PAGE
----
Google’s push for all websites to be HTTPS has so far been only in circles that actually pay attention to what the Giant is doing. But the company is getting ready to implement a large red cross through every website that doesn’t offer an encrypted connection.
In 2014 Google highlighted a proposal to show that HTTP sites provide no data security to users, so why don’t browsers warn users of this fact. Google’s answer to this is by displaying a red cross over a padlock next to the URL instead of what is shown now which is no warning at all?
Google has been very adamant about some how conveying to the user their information is not secure on HTTP and are trying to get everyone to use HTTPS therefoe making the internet more secure. However, until this week Google hadn’t announced any progress on its proposal. At the Usenix Enigma 2016 security conference, Google offered the snapshot above showing what The New York Times website would like when Google implements the feature in Chrome.
Google has stated many times their goal is to make the internet more secure for its users, and now they are prepared to move forward with their idea of making all HTTP sites.
Google: “Our goal is to mark non-secure pages like HTTP, using the same bad indicator as broken HTTPS, since this 1) is more accurate than marking such pages as neutral, and 2) simplifies the set of security indicators.”
Why Buy SSL Certificates:
I am sure everyone wants to be sure there information is safe when visiting their favorite website, next time look at the top browser and see if it is http or https. If for no other reason just peace of mind knowing your computer or what ever device you are using is safer than a non-secure site using encryption.
Keeping your site secure can not only keep your information and clients information safe. It could improve your ranking in the search engines.
Visit the SSL store to find out what certificate best fits your needs.
Just a few months ago, Matt Cutts publicly spoke of the importance of having an HTTPS enabled Web site, and went on to say that if it were up to him it would already be a ranking factor.
Well, after that public declaration it wasn’t surprising when Google officially announced that HTTPS is now a “very lightweight” ranking factor, “affecting fewer than 1% of global queries, and carrying less weight than other signals such as high-quality content”. However, in time HTTPS may become a stronger ranking factor in order to “keep everyone safe on the Web”.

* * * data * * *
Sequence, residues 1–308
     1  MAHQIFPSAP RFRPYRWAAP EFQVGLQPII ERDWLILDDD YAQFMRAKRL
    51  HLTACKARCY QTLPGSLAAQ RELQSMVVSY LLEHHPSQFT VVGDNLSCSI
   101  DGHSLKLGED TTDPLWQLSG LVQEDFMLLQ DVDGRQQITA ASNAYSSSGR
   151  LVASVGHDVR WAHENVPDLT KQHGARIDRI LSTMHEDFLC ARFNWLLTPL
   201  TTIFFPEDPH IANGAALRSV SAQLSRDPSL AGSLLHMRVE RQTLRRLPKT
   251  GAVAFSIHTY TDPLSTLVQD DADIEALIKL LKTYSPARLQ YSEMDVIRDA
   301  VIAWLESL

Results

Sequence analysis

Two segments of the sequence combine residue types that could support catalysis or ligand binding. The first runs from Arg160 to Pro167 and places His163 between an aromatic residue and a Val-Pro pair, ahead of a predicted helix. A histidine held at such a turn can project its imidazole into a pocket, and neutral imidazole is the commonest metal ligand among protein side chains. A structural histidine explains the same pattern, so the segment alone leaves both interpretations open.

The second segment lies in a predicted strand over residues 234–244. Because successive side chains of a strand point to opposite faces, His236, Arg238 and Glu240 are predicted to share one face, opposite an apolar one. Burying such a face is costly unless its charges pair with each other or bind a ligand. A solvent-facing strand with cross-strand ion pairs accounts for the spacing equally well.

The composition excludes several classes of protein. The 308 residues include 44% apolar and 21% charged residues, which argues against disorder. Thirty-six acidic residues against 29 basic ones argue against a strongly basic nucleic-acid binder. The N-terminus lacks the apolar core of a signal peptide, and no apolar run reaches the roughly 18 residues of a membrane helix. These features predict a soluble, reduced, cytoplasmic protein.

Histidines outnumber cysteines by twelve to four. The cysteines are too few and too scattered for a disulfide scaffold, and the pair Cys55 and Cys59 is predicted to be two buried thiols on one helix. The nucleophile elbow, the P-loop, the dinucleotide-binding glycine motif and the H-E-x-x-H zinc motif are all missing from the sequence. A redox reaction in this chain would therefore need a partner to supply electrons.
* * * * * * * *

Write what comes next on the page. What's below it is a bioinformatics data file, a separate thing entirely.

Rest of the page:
Which Security Certificate Should You Choose?
There are many different types of Security Certificates available, in some cases they are free, others can be quite expensive. In order for you to understand the different browser warnings you’ll first need to understand that there are 5 different types of security certificates to choose from:
- Shared Certificates – These are certificates that are offered by many Web hosts where you use their Certificate, but it is not tied to your domain name. For example if your site is mysite.com, you might put your non-secure content on your domain, but your shopping cart on secure.mysite.com. This can be very cost effective, but you do lose your domain branding and likely some shopper confidence using this method.
- Free Certificates – For personal Web sites, public forums, etc. — some companies offer free security certificates such as: StartSSL and GoDaddy offers Free SSL Certificates for qualified Open Source Projects. None of these free ones would be valid for a business, but you might look at these offers and shop around if your doing this for a hobby site or other non-profit project.
- Domain Validated (DV) Certificate – The most common SSL certificate used for small businesses. A DV Certificate typically covers a single subdomain like www.domain.com, but not necessarily domain.com (no-www). A visitor to a site with a DV Certificate at this time will see the same security icons as those with Organization Validated certificates, unless they are using FireFox v31 (perhaps earlier) versions. That browser and perhaps others may have an alert icon and when clicked says the organization is not verified but is secure. This icon is often shown only once, then the typical padlock secure site icon is displayed.
- Organization Validated (OV) – OV Certificates require verification at both the organization and domain registry level. In most cases an OV cert will require a vetting procedure before the certificate is issued, this ensures the business is a legitimate company. OV certificates are more expensive than DV certificates, but really offer little value above the DV certificate. Visitors to a site will typically not notice any difference between a DV and OV cert unless they click the padlock icon, which makes the extra cost debatable at this time. Perhaps soon we’ll see some additional browser identification feature that will make an OV certificate identifiable (and more worthwhile).
- Extended Validation (EV) Certificates – These are the more extensive and difficult to get SSL Certificates. EV Certificates are the ones that turn your browser bar Green indicating a secure site. They require an extended validation of the business including domain ownership, organization information, plus legal existence of the organization. These certificates take longer to acquire and process, and are more expensive. The existence of the Green Bar in the browser can be a strong incentive to step up to the EV level to increase shopper confidence and likely conversion rates. It’s doubtful a content or non-eCommerce site would benefit from this level certificate.